There’s been a lot of discussion lately of women in the firearms industry. And, more specifically, the industry’s treatment of women. The entire social dynamic intrigues me, and as a woman in the industry I have the habit of questioning myself every step of the way.
In this industry the rise of women has created an intriguing phenomenon, I call it “dog and pony syndrome.” In essence the females of the gun world; the capable, intelligent, professional women who are truly good at what they do; have become a spectacle. While the industry itself, and many of the women, interpret this as “success” and “support” I can’t help but sit back and wonder if this is really, really what we’re aiming for.
The struggle that women have had from the get-go (at least the get-go of my career) is that while the guys are happy to have us around plinking with .22s or carrying little .357 magnum revolvers very few of them expect to take us seriously, and that’s a problem. There are women in the firearms world who truly deserve to be taken seriously, but often they are lost either in the shadow of their husband or to the trap of being a spectacle.
The problem with “dog and pony syndrome” is not that any particular woman is getting attention, but rather it is in more the type of attention that is being given. There are some serious game players that are left out of the spotlight because they are hardworking professionals rather than vigorous self-promoters. As such they have successful careers and are true industry experts, but the industry media isn’t all that interested.
I am not one to judge self-promoters, as it is a sin that I am most certainly guilty of. However, I think that there is a type of self-promotion that is truly harmful to the professional women in the industry. If we are willing to make ourselves subjects of interest simply because we are women rather than because we provide value to the industry as a whole we debase the standing of women industry-wide.
I expect the industry to hold women to a standard similar to that which they hold men. I expect people to question why they should be listening to me and would like to think people expect more from me than to giggle, have a colorful gun and be an expert on women’s concealed carry (it seems like every girl with a gun is an expert on women’s concealed carry).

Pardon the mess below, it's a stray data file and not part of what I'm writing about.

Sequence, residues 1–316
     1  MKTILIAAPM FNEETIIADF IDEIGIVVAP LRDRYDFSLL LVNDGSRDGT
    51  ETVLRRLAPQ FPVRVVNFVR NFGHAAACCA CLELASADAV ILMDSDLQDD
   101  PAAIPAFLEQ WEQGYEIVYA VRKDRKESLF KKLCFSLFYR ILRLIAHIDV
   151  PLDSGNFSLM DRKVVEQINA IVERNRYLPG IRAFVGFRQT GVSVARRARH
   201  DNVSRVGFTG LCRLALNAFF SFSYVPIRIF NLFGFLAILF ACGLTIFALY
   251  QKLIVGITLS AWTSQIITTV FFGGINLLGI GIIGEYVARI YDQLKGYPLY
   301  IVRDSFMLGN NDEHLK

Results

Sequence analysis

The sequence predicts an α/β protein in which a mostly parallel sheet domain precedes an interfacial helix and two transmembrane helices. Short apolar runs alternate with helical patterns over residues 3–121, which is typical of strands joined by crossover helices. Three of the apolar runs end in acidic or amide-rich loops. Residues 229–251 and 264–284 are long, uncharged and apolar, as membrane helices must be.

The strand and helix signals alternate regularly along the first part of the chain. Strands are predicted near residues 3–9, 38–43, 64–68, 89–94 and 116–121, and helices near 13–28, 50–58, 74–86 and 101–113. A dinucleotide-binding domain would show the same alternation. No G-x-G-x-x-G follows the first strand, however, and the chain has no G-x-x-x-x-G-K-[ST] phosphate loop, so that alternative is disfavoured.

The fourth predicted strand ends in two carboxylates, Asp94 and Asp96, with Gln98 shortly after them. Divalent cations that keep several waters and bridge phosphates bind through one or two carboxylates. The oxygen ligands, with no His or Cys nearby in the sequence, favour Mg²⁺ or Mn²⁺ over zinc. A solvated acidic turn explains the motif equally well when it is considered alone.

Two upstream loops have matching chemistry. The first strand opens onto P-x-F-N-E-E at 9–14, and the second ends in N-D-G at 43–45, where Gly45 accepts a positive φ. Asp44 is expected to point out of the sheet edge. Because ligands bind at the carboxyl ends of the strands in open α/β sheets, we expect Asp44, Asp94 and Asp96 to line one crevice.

It’s a difficult line to draw, though. As a woman in the industry, as an industry professional and as a magazine editor gauging the expertise and value of women who may be submitting content for my publication I struggle to define what my expectations are both of industry and of the women inside it. I want to support the women who are in the industry or who may be new to the gun world, but I also want to see women in the industry grow and develop as a demographic.
Being taken seriously is extremely important to me, and while I won’t give up the fun I have with my cerakoted guns and silly stiletto photos I want to continue to provide the industry and my readers with valuable information and to continue to learn and grow myself. And while there will always be skeptics, people who don’t like my work or my opinions or who refuse to take me seriously because of my age or because I’m a girl I won’t let that stop me.
This is our time to shine and it is on us to set our own expectations, to demand that we be taken seriously and to act in a way that supports how we wish to be treated.